Scream "Avalanche" as loudly as you can. In fact, anyone within earshot should yell, "Avalanche!" Yelling alerts potential rescuers who might otherwise become victims, it gets more eyes on the victim, and it might summon nearby rescuers who are unaware that an avalanche is occurring.
Your best chance of survival is to avoid being buried. That means doing everything you can to get off the avalanche. Initially, that may mean skiing or riding off the avalanche itself. That's a great alternative if you're near the edge of an avalanche and have momentum. If a tree or brush is nearby, try to grab onto it. If you're near the fracture line at the top of the avalanche, you may be able to scramble uphill to get off the moving snow, or scratch and claw into the bed surface so a shallow avalanche slides away from you.
And don't even think of out-skiing an avalanche. They typically accelerate from 0 to 70 miles per hour in about five seconds. Depending on the size of the avalanche, you might be able to out run an avalanche if you are on a snowmobile.
If you are wearing an avalanche airbag, you should deploy it as soon as practical. Do not delay inflating your airbag until you are certain you will be buried—there are numerous cases of people failing to deploy their airbags.
The exception to deploying your airbag, and you will need to make this decision before you are involved in an avalanche, is based on the fact that airbags keep you on the surface and may result in you traveling further. If there are trees, a cliff, or other hazards below you, staying on the surface and traveling further might be more dangerous.
When in doubt, pull that trigger!
If you can't escape the avalanche, do everything you can to survive it. That includes trying to stay nearer the surface by fighting anyway you can ("I'm not going to die today!"). You've probably heard that you should swim, but you really should do anything and everything you can to stay on top—you won't be "swimming" freestyle or breast stroke in tumbling avalanche debris!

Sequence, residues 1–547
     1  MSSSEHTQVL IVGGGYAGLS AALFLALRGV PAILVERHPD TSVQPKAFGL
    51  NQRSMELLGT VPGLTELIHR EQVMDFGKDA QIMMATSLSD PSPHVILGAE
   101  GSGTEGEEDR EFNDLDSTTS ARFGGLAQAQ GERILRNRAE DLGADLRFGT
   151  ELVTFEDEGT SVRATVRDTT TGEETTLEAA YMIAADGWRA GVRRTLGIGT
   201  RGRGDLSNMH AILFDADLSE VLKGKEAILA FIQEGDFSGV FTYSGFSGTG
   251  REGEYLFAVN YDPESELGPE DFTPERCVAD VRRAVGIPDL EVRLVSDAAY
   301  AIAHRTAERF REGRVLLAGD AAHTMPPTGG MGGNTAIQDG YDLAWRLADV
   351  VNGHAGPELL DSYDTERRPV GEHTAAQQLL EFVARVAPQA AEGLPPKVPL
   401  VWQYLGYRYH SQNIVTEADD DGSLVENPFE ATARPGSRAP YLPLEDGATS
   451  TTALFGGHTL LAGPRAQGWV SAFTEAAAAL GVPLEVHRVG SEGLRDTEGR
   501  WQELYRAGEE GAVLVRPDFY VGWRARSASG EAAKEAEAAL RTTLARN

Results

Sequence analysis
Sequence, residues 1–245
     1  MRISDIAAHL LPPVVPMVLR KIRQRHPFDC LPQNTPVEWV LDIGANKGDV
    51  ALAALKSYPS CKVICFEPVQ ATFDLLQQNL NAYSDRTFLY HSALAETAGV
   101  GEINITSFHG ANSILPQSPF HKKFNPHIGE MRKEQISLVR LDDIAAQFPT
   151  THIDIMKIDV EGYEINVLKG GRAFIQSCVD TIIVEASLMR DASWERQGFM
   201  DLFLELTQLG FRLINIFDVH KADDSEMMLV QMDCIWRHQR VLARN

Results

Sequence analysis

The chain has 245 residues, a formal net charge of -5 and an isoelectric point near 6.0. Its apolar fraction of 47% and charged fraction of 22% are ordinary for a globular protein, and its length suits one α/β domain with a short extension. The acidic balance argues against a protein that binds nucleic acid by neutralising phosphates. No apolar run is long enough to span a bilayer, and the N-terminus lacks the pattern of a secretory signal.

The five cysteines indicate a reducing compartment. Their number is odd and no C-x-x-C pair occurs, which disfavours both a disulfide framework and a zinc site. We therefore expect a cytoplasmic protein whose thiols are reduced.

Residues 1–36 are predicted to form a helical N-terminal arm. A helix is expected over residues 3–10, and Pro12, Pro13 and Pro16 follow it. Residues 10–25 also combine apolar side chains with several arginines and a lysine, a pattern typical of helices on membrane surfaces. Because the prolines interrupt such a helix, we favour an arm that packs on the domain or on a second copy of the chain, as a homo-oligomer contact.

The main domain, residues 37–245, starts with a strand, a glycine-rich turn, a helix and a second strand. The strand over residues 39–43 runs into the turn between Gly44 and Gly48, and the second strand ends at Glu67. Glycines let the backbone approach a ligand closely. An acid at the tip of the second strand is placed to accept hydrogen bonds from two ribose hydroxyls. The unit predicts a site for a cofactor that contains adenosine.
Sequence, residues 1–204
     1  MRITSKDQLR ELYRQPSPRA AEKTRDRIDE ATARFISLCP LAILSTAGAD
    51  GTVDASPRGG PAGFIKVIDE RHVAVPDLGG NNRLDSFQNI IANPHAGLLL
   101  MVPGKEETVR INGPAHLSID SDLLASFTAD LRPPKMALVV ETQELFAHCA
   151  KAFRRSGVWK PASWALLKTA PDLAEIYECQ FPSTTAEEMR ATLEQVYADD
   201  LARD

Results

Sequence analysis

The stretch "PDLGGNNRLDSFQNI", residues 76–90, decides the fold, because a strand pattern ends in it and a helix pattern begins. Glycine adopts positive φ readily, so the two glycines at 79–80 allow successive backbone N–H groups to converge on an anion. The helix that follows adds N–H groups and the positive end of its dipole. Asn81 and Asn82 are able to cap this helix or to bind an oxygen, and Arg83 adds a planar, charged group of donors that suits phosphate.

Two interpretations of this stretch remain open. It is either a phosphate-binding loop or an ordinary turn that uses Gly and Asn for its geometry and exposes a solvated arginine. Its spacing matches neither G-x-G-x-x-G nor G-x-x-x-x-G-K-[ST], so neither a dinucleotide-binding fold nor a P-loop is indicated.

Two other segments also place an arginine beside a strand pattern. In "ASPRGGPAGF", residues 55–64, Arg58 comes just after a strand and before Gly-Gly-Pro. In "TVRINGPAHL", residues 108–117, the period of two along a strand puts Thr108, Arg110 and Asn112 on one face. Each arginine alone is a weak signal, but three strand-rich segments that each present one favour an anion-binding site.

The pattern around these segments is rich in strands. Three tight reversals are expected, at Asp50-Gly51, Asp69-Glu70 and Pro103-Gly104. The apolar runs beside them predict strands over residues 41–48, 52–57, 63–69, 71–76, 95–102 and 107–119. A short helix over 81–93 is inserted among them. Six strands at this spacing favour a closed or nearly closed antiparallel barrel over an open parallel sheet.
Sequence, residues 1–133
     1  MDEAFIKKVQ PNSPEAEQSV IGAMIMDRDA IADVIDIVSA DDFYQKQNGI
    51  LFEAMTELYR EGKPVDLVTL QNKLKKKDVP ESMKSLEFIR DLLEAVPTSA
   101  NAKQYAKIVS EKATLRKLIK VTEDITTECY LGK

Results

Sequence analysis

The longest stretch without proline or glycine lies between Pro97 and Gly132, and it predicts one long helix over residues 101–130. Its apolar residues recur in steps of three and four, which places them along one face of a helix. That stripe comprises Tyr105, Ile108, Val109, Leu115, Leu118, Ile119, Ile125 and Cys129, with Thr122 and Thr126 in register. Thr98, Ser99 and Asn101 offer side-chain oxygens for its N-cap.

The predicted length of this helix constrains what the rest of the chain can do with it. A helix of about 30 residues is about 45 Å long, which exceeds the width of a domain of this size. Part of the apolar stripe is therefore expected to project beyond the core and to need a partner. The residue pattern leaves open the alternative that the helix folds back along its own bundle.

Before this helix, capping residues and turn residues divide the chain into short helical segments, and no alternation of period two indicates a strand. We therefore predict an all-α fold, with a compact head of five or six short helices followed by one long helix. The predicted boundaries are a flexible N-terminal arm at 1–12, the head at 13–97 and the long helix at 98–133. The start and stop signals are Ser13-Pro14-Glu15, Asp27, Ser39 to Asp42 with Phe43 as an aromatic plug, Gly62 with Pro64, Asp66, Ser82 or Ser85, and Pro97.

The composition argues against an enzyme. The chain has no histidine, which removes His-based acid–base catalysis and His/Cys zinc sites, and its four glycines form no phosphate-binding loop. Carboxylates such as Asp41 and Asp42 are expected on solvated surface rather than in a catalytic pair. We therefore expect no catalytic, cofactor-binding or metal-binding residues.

Hopefully you knew better than to have your hands in your ski pole straps, because things that are attached to you will drag you down. If you can purposefully release from your ski bindings, do so.
If you have an AvaLung and it isn't already in your mouth, that's obviously worth attempting. And if it is in your mouth, clench it with your teeth and pray that it remains there.
You should also do whatever you can to limit the likelihood of traumatic injuries. In the event of a slow-moving sluff, that might mean getting your feet downhill. In a more typically-sized avalanche, it may mean protecting your head with your arms. I have heard the suggestion that you should reach an arm across your body, grab the opposing backpack strap, and tuck your face into your elbow. That sounds like a good idea if you can accomplish it.
Experts say that, as the snow slows, you should attempt to create an air pocket in front of your face and extend an arm upwards. Those are worthy endeavors in a smaller avalanche, but they might be impractical in a more violent avalanche.
If you are buried, and this is likely easier-said-than-done, relax and trust your partners. Struggling and panicking will only increase your respiratory rate.